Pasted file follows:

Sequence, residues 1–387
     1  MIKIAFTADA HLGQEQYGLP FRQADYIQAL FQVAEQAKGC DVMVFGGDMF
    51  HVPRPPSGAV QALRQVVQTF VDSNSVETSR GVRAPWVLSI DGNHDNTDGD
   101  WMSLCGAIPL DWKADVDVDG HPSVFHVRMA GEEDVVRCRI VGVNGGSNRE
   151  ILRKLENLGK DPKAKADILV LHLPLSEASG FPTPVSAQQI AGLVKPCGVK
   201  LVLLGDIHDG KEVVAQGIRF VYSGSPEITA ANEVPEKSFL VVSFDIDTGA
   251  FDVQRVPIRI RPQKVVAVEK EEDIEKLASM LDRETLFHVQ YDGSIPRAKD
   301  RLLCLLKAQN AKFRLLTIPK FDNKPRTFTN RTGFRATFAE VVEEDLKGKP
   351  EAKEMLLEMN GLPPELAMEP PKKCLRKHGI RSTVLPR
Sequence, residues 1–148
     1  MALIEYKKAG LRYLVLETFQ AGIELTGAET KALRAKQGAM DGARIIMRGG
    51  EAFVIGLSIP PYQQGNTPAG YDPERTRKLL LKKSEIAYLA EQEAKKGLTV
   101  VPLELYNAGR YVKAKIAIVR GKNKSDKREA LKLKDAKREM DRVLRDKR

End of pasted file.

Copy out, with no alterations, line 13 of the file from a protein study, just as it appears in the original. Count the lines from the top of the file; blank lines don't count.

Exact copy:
   101  VPLELYNAGR YVKAKIAIVR GKNKSDKREA LKLKDAKREM DRVLRDKR